A relatively strong turnout at a rally in Armenia on March 1 indicates the political temperature in the South Caucasus country is rising.
Thousands of people took to the streets of the capital Yerevan in support of the Armenian National Congress (ANC), the main opposition group to President Serzh Sargsyan’s administration. They were ostensibly commemorating the third anniversary of a violent clash in Yerevan connected to the disputed results of the 2008 presidential election. But marchers also were eager to show their displeasure with the Sargsyan administration’s handling of the economy.
The ANC, which is seeking to breathe new life into its opposition efforts, sought to tie mounting public discontent in Armenia to the protests that erupted in recent weeks in Arab states and North Africa. Rally participants carried portraits of Sargsyan along with those of disgraced and embattled North African leaders, including Libyan strongman Moammar Gadhafi, ousted Tunisian president Zine al-Abidine Ben Ali and former Egyptian dictator Hosni Mubarak.
“I hope that something will be changed in our country; people are disappointed,” a young participant of the rally told EurasiaNet.org. Opposition supporters put the turnout total at 50,000 while law-enforcement officials asserted that there were no more than 10,000 protesters on the streets. Before the rally began, opposition activists complained that authorities implemented measures to hinder people from traveling to Yerevan from surrounding areas.
Former president Levon Ter-Petrosian, who leads the ANC, predicted that opposition support would continue to swell. “We are sure the forthcoming rallies will gather twice or three times more people,” Ter-Petrosian said. Addressing the March 1 crowd, Ter-Petrosian urged rally participants to create “a sort of forum for the public’s self-rule that will have the full authority to make decisions and put them into practice.”
Ter-Petrosian outlined a 13-point political agenda, which included a call for talks with Sargsyan administration representatives on early presidential and parliamentary elections, as well as the release of what the opposition considers to be political prisoners. Ter-Petrosian also urged measures to protect the most economically vulnerable segments of the population, including raising the minimum wage and a reversal of a ban on street vendors.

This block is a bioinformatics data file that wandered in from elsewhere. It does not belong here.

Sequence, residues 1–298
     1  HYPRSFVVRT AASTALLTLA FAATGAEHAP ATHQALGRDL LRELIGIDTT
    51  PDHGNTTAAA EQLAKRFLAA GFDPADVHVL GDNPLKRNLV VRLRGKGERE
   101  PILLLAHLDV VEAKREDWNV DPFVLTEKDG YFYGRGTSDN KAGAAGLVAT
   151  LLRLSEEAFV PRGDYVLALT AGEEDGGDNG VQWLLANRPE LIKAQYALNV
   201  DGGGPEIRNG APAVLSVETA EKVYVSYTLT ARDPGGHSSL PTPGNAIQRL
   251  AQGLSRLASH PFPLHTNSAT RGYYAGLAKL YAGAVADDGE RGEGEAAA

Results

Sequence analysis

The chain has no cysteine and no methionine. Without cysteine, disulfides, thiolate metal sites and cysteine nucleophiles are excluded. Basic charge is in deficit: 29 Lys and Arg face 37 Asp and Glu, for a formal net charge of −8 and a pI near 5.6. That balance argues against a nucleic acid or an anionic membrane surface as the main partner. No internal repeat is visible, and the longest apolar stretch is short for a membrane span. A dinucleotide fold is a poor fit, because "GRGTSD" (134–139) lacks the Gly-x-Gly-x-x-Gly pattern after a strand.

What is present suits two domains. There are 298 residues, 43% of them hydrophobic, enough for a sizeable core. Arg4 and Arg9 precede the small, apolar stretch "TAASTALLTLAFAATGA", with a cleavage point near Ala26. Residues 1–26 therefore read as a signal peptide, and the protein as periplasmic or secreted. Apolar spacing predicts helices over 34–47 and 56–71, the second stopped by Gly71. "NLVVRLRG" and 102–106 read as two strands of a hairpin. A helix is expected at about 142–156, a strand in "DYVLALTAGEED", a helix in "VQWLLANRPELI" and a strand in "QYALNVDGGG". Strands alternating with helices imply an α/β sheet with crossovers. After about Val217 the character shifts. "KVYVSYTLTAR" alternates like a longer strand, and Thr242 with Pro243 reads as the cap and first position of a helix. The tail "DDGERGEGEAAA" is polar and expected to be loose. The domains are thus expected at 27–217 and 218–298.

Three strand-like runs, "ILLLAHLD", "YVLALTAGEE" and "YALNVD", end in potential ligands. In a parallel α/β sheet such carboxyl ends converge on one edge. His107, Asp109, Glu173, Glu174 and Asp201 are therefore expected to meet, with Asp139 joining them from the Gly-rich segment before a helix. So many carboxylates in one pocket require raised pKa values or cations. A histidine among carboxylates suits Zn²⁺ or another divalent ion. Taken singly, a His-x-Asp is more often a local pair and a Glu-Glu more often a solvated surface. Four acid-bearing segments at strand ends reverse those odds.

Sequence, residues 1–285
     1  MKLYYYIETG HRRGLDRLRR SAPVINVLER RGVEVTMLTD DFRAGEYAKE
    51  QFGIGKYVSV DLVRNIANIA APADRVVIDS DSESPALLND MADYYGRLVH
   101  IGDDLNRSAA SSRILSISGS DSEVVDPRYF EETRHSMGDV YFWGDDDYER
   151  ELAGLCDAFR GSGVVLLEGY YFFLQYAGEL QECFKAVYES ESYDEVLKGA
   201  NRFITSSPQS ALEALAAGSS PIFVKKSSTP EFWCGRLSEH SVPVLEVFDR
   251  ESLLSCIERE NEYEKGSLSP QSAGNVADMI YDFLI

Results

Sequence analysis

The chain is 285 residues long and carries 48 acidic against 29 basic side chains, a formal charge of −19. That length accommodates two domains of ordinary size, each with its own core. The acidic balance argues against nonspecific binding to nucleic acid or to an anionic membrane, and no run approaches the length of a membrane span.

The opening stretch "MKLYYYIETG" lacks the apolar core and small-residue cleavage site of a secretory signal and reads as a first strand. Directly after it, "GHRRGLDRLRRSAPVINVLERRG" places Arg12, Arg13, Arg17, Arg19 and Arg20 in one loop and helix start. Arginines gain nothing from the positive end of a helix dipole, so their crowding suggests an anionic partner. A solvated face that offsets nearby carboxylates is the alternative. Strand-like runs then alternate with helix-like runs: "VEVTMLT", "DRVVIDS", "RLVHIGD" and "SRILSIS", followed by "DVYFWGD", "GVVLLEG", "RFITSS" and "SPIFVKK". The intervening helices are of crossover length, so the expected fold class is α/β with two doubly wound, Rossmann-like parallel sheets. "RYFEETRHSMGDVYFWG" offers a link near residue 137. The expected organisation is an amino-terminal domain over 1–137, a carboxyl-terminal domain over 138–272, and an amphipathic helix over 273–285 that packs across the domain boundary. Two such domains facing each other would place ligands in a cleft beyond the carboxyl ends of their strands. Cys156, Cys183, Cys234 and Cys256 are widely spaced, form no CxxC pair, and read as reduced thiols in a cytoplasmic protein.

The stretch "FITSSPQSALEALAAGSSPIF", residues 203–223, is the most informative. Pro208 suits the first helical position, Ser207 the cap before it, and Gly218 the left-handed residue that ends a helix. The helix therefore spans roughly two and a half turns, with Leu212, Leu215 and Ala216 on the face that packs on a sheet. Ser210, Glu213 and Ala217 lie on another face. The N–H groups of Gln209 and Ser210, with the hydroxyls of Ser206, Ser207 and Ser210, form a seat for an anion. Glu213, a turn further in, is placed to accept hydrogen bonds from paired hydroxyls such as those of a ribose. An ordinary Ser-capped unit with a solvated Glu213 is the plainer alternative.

“This is our last warning to the authorities,” Ter-Petrosian said.
Ter-Petrosian and other opposition leaders in Armenia clearly feel emboldened by the protest movements that have overturned the status quo in the Muslim world, said political analyst Armen Badalian. Deepening economic hardships are helping to fuel public discontent, Badalian added. “The Armenian nation is emotional; people look at the [Muslim] world, and the events happening there produce a PR effect,” he said. “It is hard to predict future developments [in Armenia], but one can see that the [opposition] rallies have become increasingly crowded and very active.”
Hovhannes Sahakian, an MP from the governing Republican Party, derided Ter-Petrosian, asserting that the former president was not genuinely interested in opening a political dialogue. “Authorities have always voiced their readiness to start a dialogue, but proposing early elections as a key idea is not a dialogue but a demand,” Sahakian told Eurasianet.org. He also downplayed the notion that popular protests could threaten the government. “The problems are not so deep [as] to lead people to a social revolt,” he said.
Yervand Bozoyan, an independent political analyst, maintained that inflation and other forms of economic pressure had the potential to create a volatile situation. “There is not a single social [segment] in Armenia that can be pleased [with the current situation],” Bozoyan said. “An uncommon situation has emerged where, if the opposition makes the right move, it might lead to an explosion.”
Marianna Grigoryan is a freelance reporter based in Yerevan and the editor of MediaLab.am.
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